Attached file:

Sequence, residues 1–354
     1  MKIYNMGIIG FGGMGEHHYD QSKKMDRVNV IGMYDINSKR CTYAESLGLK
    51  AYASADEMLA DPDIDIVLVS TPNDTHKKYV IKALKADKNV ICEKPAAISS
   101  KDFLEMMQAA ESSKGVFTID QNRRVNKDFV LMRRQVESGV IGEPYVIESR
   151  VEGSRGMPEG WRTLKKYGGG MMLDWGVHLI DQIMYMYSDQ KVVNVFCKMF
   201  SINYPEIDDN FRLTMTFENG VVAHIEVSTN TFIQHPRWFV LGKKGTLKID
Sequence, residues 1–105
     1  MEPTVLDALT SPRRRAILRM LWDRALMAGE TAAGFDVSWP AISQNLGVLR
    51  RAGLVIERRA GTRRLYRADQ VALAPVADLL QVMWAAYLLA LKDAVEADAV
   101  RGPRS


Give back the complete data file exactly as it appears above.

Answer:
Sequence, residues 1–354
     1  MKIYNMGIIG FGGMGEHHYD QSKKMDRVNV IGMYDINSKR CTYAESLGLK
    51  AYASADEMLA DPDIDIVLVS TPNDTHKKYV IKALKADKNV ICEKPAAISS
   101  KDFLEMMQAA ESSKGVFTID QNRRVNKDFV LMRRQVESGV IGEPYVIESR
   151  VEGSRGMPEG WRTLKKYGGG MMLDWGVHLI DQIMYMYSDQ KVVNVFCKMF
   201  SINYPEIDDN FRLTMTFENG VVAHIEVSTN TFIQHPRWFV LGKKGTLKID
Sequence, residues 1–105
     1  MEPTVLDALT SPRRRAILRM LWDRALMAGE TAAGFDVSWP AISQNLGVLR
    51  RAGLVIERRA GTRRLYRADQ VALAPVADLL QVMWAAYLLA LKDAVEADAV
   101  RGPRS